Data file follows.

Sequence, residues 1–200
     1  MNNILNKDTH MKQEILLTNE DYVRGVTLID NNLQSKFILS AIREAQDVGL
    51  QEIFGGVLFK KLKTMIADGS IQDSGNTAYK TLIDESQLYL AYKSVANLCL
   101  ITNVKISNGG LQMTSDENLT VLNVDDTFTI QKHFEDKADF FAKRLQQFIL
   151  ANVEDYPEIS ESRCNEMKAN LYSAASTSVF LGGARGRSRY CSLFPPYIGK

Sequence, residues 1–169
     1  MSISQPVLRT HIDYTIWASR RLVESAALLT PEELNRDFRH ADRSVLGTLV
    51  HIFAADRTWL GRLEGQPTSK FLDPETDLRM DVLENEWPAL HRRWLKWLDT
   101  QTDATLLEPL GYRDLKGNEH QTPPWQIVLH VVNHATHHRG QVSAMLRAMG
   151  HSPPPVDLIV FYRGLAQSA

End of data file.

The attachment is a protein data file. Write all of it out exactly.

Sequence, residues 1–200
     1  MNNILNKDTH MKQEILLTNE DYVRGVTLID NNLQSKFILS AIREAQDVGL
    51  QEIFGGVLFK KLKTMIADGS IQDSGNTAYK TLIDESQLYL AYKSVANLCL
   101  ITNVKISNGG LQMTSDENLT VLNVDDTFTI QKHFEDKADF FAKRLQQFIL
   151  ANVEDYPEIS ESRCNEMKAN LYSAASTSVF LGGARGRSRY CSLFPPYIGK

Sequence, residues 1–169
     1  MSISQPVLRT HIDYTIWASR RLVESAALLT PEELNRDFRH ADRSVLGTLV
    51  HIFAADRTWL GRLEGQPTSK FLDPETDLRM DVLENEWPAL HRRWLKWLDT
   101  QTDATLLEPL GYRDLKGNEH QTPPWQIVLH VVNHATHHRG QVSAMLRAMG
   151  HSPPPVDLIV FYRGLAQSA